4) This depends on the story I’m writing. I love stories where one thing after another happens by accident. A movie that comes to mind that did this very well was While You Were Sleeping. Great flick and it just snowballed as the story progressed. If the novel I’m writing is high suspense, sabotage would make for a fun book.

5) I used to be a pantser, but due to deadlines I've turned into a plotter. It gives me guidance and keeps me on task.

Okay now for some housekeeping deets on the blogfest…

Since this blogfest is designed to be a fun activity, it would be good to keep our posts short and sweet.

Grab the badge for your sidebar if you’re in and/or if you want to help us spread the word.

If you’re a tweeter, show some love by tweeting about our blogfest using the hashtag #platformbuildingblogfest

If you blog regularly, it would be helpful to keep the badge visible and link it to the blogfest post so visitors can find it easily.

Okay, come on, sign up and meet some other wonderful writers.


Friday, November 11, 2011

Surprises in My Email

Wednesday I was busy working on an article I promised a friend and didn't check all of my emails until the afternoon. I usually scan them to see if family, close friends, or my editor has emailed, but I didn't see that they had, so I continued to work. By mid-afternoon I needed a break, so I checked my emails more thoroughly. You'll never guess what I found.

I had an email from the Whitney Awards Committee informing me that River Whispers has had five nominations, which means that it is now eligible to become one of the finalists.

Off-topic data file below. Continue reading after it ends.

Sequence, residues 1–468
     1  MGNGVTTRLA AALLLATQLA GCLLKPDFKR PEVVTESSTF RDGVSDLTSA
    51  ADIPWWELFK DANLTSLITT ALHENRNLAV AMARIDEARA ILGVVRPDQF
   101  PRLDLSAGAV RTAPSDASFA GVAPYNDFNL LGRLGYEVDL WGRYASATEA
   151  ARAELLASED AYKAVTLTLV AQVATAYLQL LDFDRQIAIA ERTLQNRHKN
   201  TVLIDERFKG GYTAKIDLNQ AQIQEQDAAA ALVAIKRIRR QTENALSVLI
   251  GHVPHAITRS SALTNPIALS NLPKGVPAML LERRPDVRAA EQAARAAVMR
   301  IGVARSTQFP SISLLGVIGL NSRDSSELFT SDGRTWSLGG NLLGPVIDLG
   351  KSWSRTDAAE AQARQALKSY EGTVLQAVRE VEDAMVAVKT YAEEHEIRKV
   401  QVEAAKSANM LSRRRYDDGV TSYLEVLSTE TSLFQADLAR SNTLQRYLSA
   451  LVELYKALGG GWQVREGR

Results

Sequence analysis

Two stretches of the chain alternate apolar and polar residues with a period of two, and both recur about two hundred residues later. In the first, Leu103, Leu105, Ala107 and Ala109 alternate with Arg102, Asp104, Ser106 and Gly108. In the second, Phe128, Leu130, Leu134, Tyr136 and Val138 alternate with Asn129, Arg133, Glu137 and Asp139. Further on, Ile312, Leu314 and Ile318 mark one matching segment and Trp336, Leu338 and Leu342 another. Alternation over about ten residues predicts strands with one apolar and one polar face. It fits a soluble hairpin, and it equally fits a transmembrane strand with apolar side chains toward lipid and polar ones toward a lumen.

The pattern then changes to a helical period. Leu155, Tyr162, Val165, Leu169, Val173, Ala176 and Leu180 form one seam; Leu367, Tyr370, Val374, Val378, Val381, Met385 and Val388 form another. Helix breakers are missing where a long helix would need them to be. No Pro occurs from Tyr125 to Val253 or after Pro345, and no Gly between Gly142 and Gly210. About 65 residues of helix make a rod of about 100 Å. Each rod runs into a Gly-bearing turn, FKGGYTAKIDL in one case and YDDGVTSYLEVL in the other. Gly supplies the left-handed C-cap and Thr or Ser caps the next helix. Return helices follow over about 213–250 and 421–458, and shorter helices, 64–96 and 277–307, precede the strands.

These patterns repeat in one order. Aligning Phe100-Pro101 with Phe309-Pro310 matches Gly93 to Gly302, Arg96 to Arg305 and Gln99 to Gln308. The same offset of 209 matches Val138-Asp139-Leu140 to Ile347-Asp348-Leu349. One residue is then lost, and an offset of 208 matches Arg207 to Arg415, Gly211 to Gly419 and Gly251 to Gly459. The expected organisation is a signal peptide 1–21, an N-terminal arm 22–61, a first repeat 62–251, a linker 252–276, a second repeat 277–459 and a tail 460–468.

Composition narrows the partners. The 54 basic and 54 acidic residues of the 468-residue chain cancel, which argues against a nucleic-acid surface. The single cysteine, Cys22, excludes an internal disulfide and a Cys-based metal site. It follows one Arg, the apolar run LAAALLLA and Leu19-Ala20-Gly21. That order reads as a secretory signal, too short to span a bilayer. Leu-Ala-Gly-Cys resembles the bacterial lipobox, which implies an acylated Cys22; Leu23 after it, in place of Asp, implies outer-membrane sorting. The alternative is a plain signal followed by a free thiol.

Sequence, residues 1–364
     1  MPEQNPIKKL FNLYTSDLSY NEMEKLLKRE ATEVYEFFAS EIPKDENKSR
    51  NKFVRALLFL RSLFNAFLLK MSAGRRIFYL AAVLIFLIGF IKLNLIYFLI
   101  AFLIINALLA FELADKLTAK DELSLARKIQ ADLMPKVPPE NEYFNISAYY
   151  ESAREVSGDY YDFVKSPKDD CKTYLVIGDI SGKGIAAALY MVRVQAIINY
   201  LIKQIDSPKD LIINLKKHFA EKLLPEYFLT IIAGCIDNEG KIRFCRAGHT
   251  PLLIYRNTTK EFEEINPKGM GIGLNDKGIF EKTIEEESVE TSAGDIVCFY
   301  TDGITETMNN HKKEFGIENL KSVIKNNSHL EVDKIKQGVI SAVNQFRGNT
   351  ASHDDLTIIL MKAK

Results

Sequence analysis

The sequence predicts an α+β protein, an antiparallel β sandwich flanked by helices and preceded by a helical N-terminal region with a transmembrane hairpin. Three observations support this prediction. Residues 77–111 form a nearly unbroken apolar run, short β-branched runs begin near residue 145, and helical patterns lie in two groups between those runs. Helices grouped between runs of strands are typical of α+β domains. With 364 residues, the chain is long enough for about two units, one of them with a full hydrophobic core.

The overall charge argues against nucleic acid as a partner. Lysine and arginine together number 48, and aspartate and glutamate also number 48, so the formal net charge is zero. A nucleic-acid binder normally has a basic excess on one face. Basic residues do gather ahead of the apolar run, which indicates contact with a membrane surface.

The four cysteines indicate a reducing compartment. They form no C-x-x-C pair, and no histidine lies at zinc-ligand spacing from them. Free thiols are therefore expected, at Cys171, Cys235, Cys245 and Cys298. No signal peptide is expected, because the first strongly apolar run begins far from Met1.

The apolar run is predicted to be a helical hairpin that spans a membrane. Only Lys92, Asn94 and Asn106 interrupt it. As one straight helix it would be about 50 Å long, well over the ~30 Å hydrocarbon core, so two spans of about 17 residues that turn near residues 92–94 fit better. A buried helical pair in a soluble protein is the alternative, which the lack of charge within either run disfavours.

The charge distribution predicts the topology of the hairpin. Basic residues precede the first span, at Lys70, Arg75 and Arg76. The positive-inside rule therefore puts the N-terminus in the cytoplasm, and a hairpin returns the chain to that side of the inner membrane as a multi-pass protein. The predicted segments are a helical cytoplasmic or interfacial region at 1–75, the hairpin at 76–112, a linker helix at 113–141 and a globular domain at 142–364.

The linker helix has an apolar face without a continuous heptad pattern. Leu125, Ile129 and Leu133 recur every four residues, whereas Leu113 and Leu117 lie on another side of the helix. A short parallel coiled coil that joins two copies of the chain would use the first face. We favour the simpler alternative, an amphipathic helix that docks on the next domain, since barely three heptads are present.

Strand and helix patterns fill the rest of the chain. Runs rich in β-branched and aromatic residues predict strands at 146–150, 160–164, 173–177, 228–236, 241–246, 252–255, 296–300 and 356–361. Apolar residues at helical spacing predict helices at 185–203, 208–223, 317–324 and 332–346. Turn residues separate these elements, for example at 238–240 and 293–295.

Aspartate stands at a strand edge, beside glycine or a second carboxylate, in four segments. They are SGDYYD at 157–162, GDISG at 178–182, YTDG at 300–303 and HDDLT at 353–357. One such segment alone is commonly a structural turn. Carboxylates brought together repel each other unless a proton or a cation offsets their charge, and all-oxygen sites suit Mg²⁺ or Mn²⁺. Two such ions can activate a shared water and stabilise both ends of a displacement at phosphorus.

This is huge! I was so excited that I tried to call Hubby, but he wasn't at his desk. All my kids were at work, so the next person I thought to let know was my editor. She was just as thrilled as I was.

Okay, so you would think I would have learned to check my email more thoroughly, but no. Today after editing, I checked my email again and found something that made me sad and very concerned. Oh, it's not about me. It's about the person who founded the Whitney Awards, Rob Wells. His new YA, dystopian-sh book, Variant, was just named in Publisher's Weekly as one of the best books of 2011. That's not what has me sad because I'm extremely happy for him. No, I learned that he recently developed a severe panic disorder and the doctors have been unable to treat it effectively. In fact, its become so bad that he was laid off from work.

Now you're probably thinking, so. He has a book out. Well, let me enlighten you on the workings of book sales and how authors are paid. Most writers only get paid twice a year from royalties. Many times those checks don't come until the end of January or the end of July.

And hey, Christmas is coming. Rob has a wife and little kids. Many bloggers are trying to do their part in spreading the word about Rob and how great his book is in hopes of helping him through a tough time. I want to be one of them.

Okay, in all honesty, I haven't read Variant yet. BUT I plan to buy this book, read it, and post a review, all in the hopes of helping a fellow author.

Many have said the book is full of hope, romance, and intrigue. And that there is something for everyone within its pages.

So, please add Variant to your Christmas list, buy a couple, and spread the joy. 

Have you ever found surprises in your email?


Wednesday, November 9, 2011


We've all had them at one time or another. For many years, I worked in an accountant's office. There is nothing like the deadline of April 15th to make you realize that some deadlines can't be missed or ignored. I look back on those days as good training ground for becoming an author.

Once I sold my first book, I quickly found I had many deadlines: turning in drafts, edits, blurbs and etc. Wanting to earn the trust of my publisher, I have worked hard to meet my deadlines. So far, so good.